Menu Close

Honey Production: China Is the Place to Bee

This is a syndicated repost published with the permission of Statista | Infographics. To view original, click here. Opinions herein are not those of the Wall Street Examiner or Lee Adler. Reposting does not imply endorsement. The information presented is for educational or entertainment purposes and is not individual investment advice.

In 2021, China produced almost 500,000 tons of natural honey, according to the United Nations’ Food and Agriculture Organization (FAO). Even though its natural properties are being contested by several national and intranational watchdogs scanning for syrup additives to the export share of the People’s Republic’s bee-based commodity, the amount of honey produced still easily outranks every other country.

As our chart shows, Turkey, Iran and Argentina place second, third and fourth, respectively, with neither country crossing the 100,000-ton threshold. The United States was the ninth-largest honey producer with 57,000 tons. The Indian honey industry, which comes sixth in this top 8 ranking with around 66,000 tons of honey produced in 2021, has been especially vocal about China allegedly cutting its honey with sugar syrup, which is easier to produce and cheaper.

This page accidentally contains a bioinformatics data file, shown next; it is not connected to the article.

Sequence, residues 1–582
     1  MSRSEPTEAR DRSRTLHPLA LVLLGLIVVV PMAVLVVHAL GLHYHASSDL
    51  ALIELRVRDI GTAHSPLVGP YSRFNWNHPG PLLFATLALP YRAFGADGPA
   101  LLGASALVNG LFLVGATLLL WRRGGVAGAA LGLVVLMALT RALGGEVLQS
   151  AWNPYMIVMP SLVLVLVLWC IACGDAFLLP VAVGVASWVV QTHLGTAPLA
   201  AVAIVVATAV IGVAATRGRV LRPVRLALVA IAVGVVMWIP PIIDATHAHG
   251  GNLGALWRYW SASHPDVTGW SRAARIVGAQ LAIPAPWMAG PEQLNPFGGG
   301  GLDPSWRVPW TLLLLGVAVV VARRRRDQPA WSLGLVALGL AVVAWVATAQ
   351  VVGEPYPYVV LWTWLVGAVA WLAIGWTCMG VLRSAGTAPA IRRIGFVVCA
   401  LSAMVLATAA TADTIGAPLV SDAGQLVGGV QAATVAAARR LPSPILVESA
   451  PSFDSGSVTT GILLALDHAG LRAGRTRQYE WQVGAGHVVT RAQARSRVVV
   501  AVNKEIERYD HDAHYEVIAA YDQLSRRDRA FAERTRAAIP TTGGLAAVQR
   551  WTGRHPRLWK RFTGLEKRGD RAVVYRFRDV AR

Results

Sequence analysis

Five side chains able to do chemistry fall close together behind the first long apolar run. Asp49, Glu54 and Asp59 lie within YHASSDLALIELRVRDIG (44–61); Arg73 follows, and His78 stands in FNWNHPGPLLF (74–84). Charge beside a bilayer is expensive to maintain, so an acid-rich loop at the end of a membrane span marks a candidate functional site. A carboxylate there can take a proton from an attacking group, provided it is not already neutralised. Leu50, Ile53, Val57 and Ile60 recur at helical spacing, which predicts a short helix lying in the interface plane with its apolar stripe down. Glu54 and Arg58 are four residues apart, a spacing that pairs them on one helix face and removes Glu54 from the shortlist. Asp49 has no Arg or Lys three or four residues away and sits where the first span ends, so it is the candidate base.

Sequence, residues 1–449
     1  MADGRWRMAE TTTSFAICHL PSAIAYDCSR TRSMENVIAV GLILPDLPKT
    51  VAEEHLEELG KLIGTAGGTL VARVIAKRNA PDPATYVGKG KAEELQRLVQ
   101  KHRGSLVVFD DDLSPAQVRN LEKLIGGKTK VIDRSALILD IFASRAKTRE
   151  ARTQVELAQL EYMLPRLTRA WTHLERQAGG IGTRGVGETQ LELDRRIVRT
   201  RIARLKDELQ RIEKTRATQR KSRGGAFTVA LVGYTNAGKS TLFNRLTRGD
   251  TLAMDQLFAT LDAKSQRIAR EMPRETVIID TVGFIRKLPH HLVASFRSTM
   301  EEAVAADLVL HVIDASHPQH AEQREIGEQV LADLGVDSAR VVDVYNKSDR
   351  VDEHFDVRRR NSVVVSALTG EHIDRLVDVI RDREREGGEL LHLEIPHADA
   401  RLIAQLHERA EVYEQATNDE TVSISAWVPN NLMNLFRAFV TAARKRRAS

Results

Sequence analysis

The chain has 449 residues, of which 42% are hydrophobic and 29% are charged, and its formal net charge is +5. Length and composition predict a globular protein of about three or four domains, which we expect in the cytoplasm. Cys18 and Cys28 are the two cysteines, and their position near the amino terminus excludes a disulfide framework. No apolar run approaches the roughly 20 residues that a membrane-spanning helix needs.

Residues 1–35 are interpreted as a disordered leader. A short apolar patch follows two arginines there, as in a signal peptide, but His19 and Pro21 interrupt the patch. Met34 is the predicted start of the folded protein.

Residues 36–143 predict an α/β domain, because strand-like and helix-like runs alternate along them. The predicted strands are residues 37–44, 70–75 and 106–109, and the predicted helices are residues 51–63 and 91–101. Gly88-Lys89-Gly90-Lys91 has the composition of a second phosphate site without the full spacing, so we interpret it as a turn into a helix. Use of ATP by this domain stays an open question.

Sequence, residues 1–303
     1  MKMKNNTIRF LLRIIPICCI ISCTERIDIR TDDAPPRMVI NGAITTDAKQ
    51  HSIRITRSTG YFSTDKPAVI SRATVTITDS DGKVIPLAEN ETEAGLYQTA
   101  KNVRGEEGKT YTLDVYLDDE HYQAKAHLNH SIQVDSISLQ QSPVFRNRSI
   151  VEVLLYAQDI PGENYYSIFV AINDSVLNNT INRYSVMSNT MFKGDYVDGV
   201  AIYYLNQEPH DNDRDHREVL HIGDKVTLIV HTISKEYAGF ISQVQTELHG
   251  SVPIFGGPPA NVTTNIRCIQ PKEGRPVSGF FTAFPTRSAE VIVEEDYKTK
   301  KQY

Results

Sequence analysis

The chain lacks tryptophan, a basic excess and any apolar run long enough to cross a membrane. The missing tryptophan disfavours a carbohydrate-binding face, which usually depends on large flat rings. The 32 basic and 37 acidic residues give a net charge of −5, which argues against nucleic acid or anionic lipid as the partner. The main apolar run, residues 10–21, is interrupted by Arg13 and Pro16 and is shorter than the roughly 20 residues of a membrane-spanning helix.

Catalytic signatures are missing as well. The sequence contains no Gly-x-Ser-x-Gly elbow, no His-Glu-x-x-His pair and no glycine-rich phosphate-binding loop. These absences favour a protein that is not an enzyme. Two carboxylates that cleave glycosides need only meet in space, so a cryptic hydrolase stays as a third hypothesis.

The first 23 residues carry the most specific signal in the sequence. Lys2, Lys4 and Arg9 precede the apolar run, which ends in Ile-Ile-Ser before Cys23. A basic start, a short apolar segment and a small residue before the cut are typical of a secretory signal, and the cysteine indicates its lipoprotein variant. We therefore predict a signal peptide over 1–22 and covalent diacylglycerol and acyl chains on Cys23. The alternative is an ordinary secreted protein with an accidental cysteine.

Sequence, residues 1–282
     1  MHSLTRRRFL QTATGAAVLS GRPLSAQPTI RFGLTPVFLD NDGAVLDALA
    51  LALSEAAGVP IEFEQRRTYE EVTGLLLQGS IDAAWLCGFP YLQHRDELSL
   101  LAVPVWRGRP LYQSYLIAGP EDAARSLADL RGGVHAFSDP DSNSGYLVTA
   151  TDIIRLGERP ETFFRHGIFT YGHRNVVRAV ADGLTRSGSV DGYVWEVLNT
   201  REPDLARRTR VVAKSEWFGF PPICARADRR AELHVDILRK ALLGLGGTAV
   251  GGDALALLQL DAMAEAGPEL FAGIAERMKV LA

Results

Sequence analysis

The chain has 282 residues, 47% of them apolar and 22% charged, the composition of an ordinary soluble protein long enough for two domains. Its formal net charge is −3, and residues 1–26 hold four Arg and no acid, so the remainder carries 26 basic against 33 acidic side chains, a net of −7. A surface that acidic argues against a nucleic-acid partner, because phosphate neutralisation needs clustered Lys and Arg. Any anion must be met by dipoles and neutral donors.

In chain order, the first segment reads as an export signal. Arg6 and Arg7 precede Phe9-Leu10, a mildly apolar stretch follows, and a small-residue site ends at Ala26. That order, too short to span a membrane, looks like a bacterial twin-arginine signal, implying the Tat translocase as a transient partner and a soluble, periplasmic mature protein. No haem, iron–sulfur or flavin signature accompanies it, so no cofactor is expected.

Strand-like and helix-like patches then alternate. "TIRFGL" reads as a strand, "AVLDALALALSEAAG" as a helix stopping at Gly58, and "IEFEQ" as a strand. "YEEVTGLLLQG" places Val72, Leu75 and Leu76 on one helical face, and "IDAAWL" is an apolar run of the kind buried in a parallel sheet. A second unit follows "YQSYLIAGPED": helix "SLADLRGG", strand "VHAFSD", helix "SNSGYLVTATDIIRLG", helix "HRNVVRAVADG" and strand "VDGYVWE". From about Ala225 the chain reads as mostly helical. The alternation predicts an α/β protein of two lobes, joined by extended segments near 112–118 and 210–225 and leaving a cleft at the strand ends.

While the Americas and Europe stood on fairly even ground with Asian countries when it came to the global share in honey production in the early 1990s, the landscape has shifted dramatically over the last decades. In 2001, Asia was responsible for 44 percent of all produced honey worldwide. By 2021, Asian countries like China and India produced about half of the global yield of natural honey.

This chart shows the production quantity of natural honey per country.

Production quantity of natural honey

Join the conversation and have a little fun at Capitalstool.com. If you are a new visitor to the Stool, please register and join in! To post your observations and charts, and snide, but good-natured, comments, click here to register. Be sure to respond to the confirmation email which is sent instantly. If not in your inbox, check your spam filter.

Leave a Comment

This site uses Akismet to reduce spam. Learn how your comment data is processed.

RSS
Follow by Email
LinkedIn
Share

Discover more from The Wall Street Examiner

Subscribe now to keep reading and get access to the full archive.

Continue reading